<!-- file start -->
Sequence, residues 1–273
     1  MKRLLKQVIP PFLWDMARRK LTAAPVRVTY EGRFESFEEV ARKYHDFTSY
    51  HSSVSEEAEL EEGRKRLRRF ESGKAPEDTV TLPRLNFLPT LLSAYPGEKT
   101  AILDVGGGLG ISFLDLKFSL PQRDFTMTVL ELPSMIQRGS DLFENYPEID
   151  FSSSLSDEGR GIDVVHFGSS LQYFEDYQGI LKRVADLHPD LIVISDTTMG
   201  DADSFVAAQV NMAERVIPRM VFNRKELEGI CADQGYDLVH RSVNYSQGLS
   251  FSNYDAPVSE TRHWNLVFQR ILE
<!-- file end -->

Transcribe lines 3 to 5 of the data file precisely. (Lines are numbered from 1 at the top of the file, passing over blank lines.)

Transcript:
    51  HSSVSEEAEL EEGRKRLRRF ESGKAPEDTV TLPRLNFLPT LLSAYPGEKT
   101  AILDVGGGLG ISFLDLKFSL PQRDFTMTVL ELPSMIQRGS DLFENYPEID
   151  FSSSLSDEGR GIDVVHFGSS LQYFEDYQGI LKRVADLHPD LIVISDTTMG